Commissioner Rob Manfred has ruled to uphold the current lifetime ban on Pete Rose. His status on baseball’s permanent ineligible list has not changed since he agreed to that punishment in 1989. While it was not Pete’s motive to be lifted from that list to get back into managing, let alone any capacity for a major league team, it still keeps him off of the Baseball Writers’ Association of America (BBWAA) ballots for the Hall of Fame. This decision from the MLB headquarters continues a legacy of the Hall’s whitewashing of one of the game’s greatest players and personalities.
While some writers, including some on this site, grow tired of Pete Rose in general, some feel he deserves his shot. Dayn Perry posted on CBSSports.com that the BBWAA needs to give Pete Rose, the player, a chance for a plaque in Cooperstown. I could not agree more with Perry’s argument (the post is a good read) that Rose deserves an opportunity.
As of right now, no matter if a writer puts Rose on his/her ballot, he is not allowed to be inducted. The rule was made following Rose’s expulsion from the league that “any player on baseball’s ineligible list shall not be an eligible candidate.” That is on the Baseball Hall of Fame’s website under “BBWAA Election Rules,” rule 3A.
Simply put, that rule is a terrible type of censorship.
It’s also noted that under those same rules for the Hall of Fame ballot that, “voting shall be based upon the player’s record, playing ability, integrity, sportsmanship, character, and contributions to the team(s) on which the player played.” That’s the vague rule that would give writers a chance to discredit Rose on the basis of having weak integrity or character for his gambling addiction (it’s clearly an addiction, as the man is still betting on baseball to this day). Even then, it’s a weak argument, given some of the poor decisions other Hall of Fame ballplayers have made.
We, as baseball fans and as baseball writers, need to focus on the fact that Pete Rose, the player, never got his chance on the ballot. Prior to become a full-time manager, Rose was one of the game’s most decorated players. He embodied the “good ol’ American work ethic,” as a player with no glossy talent except for great determination. He was Charlie Hustle and displayed that hustle in any situation (even in a meaningless exhibition).
Pete Rose was on many pennant and World Series winning teams. He won the NL Rookie of the Year (1963), the NL MVP (1973), two Gold Gloves (1969, 1970), a Silver Slugger (1981) and was a seventeen-time All-Star. He is still the career record holder in five different statistics: career hits (4,256), singles (3,215), games played (3,562), at-bats (14,053) and plate appearances (15,890). He’s not a glorified singles hitter who hung around way too long; he still ranks in the top ten of many other career stat categories such as 2,165 runs scored (6th), 5,752 total bases (7th) and 746 doubles (2nd).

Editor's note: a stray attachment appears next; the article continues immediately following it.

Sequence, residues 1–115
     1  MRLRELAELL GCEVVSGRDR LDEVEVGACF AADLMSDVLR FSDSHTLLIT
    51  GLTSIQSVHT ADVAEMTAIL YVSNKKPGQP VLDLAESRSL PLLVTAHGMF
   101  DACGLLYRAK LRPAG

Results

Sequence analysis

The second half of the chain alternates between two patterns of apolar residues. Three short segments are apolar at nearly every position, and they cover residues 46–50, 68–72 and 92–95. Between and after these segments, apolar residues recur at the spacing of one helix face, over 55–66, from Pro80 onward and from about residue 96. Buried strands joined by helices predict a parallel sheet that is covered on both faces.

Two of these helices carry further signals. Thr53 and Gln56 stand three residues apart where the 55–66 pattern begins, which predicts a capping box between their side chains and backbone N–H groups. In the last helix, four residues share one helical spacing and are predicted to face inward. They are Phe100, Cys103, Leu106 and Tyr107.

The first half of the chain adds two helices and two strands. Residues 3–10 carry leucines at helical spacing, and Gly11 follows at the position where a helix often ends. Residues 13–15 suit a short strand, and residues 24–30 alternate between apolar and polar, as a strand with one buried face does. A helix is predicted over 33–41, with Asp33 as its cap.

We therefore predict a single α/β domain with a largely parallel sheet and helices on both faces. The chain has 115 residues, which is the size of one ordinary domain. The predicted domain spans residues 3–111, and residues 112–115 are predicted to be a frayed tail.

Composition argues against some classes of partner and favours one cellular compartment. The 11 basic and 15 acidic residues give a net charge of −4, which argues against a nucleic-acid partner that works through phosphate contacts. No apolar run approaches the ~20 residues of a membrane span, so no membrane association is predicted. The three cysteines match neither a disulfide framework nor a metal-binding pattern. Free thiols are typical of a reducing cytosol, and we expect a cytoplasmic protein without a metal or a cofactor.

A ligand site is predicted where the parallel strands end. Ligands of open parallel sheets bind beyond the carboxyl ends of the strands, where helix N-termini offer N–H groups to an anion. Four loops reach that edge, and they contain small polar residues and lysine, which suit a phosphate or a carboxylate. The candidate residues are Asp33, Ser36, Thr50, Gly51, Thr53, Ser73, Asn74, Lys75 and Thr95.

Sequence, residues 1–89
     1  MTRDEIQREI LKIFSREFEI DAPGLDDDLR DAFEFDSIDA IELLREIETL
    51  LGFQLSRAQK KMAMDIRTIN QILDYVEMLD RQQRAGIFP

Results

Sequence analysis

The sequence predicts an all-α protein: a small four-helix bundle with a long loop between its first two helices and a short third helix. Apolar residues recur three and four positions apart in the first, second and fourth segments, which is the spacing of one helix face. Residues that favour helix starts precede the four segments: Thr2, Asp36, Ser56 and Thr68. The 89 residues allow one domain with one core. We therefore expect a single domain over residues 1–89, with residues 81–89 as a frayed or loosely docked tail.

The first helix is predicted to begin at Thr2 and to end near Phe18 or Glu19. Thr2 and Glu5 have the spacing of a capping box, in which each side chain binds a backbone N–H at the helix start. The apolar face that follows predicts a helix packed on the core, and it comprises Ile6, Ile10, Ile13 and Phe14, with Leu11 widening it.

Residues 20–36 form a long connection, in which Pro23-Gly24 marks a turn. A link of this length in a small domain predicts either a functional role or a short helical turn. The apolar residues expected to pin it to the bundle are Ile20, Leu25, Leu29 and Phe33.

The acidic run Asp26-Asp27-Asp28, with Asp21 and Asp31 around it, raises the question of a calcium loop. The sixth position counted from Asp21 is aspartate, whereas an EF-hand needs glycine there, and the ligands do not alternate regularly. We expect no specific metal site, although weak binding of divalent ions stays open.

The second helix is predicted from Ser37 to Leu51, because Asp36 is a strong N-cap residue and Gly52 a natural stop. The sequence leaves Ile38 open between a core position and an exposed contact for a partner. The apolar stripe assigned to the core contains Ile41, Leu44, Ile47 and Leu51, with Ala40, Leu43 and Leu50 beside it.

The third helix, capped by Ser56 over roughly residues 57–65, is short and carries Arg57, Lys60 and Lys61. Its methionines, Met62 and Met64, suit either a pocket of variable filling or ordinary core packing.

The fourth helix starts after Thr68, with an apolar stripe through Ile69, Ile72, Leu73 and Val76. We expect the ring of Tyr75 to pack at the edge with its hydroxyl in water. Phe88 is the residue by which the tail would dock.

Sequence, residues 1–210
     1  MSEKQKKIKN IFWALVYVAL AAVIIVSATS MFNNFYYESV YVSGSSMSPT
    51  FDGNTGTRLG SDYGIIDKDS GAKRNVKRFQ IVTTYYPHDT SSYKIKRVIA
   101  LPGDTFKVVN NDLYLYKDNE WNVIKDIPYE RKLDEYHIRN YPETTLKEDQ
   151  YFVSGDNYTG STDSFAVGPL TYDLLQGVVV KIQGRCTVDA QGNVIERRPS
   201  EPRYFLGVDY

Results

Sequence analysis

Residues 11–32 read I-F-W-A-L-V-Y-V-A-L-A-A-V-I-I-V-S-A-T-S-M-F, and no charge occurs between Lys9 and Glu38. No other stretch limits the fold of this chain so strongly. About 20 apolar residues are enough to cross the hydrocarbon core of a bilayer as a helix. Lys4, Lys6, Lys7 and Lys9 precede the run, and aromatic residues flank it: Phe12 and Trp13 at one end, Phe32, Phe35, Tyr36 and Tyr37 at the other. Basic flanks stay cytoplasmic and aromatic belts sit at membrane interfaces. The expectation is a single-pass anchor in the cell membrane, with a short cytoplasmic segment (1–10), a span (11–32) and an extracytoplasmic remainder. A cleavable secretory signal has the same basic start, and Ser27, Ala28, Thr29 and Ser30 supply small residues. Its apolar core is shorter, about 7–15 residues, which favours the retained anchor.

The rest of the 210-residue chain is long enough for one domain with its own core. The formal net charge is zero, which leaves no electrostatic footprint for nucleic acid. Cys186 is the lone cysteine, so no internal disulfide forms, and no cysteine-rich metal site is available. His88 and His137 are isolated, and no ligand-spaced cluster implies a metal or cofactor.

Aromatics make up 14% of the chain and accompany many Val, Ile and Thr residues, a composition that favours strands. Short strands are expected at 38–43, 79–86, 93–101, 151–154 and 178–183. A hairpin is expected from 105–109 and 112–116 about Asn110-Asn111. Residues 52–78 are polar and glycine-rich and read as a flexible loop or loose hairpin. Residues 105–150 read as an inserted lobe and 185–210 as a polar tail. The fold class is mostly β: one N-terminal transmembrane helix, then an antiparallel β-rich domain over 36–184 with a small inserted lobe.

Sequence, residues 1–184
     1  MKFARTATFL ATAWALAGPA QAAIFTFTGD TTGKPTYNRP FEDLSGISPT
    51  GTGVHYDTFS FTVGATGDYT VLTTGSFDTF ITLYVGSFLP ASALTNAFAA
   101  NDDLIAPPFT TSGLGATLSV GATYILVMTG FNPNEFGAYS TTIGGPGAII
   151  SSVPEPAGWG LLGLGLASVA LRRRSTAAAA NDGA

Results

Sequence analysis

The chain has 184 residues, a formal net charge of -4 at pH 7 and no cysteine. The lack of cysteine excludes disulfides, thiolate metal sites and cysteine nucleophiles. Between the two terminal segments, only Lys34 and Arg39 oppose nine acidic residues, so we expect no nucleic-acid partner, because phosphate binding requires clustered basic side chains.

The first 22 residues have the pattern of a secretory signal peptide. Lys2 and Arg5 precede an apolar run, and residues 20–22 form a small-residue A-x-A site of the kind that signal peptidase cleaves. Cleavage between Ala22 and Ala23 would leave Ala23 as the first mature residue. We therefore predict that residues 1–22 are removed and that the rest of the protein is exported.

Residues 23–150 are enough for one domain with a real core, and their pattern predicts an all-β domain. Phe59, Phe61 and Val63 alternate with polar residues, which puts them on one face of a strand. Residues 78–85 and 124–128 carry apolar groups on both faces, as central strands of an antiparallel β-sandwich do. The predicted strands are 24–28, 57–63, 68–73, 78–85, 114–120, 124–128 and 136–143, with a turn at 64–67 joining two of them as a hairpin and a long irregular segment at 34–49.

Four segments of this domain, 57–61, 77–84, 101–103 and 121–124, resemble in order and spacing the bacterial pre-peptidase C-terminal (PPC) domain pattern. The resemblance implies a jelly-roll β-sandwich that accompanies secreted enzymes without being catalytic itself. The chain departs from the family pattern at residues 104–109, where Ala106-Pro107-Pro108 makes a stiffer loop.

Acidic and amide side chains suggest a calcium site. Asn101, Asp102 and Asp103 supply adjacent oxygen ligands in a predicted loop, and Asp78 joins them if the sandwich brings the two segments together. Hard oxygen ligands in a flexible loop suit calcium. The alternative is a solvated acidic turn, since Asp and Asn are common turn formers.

Even looking at Pete’s comparable players, nearly every single one of them is a Hall of Famer (sorry Johnny Damon). The other players he matches up well with are high batting average/on-base percentage players with solid speed and are usually catalysts to the heart of the order. These are top of the lineup, impact hitters.
Even looking at the JAWS for Rose as a left fielder (even though he played 939 games at first base compared to 673 in left) he ranks fifth overall. Just look at the guys sandwiched between him. His numbers (except for the power hitting) equal or exceed the average for Hall of Fame induction. The guys above him are Barry Bonds (do not get me started on why he needs to be in the Hall), Ted Williams, Rickey Henderson, and Carl Yastrzemski (who was also quite the stat accumulator).
Pete Rose needs to be on the ballot and needs to be in the Hall of Fame. A rule, made after he was banned from baseball, keeps him from being eligible. Regardless of how the writers feel about Pete Rose the person, they need to put him in what is essentially a museum that marks history and honors players who have performed above the highest standard. Pete has done that and then some. Subjective rules have prevented him from being put in a place that is supposed to tell the unbiased story of the game. Leaving Rose out removes a huge part of baseball.
There’s no argument that Pete Rose is not the greatest human being. His own personal faults destroyed his career in baseball and still prevent him from getting into the most exclusive club in baseball, the Hall of Fame. He needs to be in the Hall. His story is a cautionary tale that will allow future generations to learn about a great player who achieved so much, but threw it all away by violating the most damning rule in the game. Let’s look at this objectively; let’s get this right. Here’s hoping that someday Pete will get his shot on the ballot.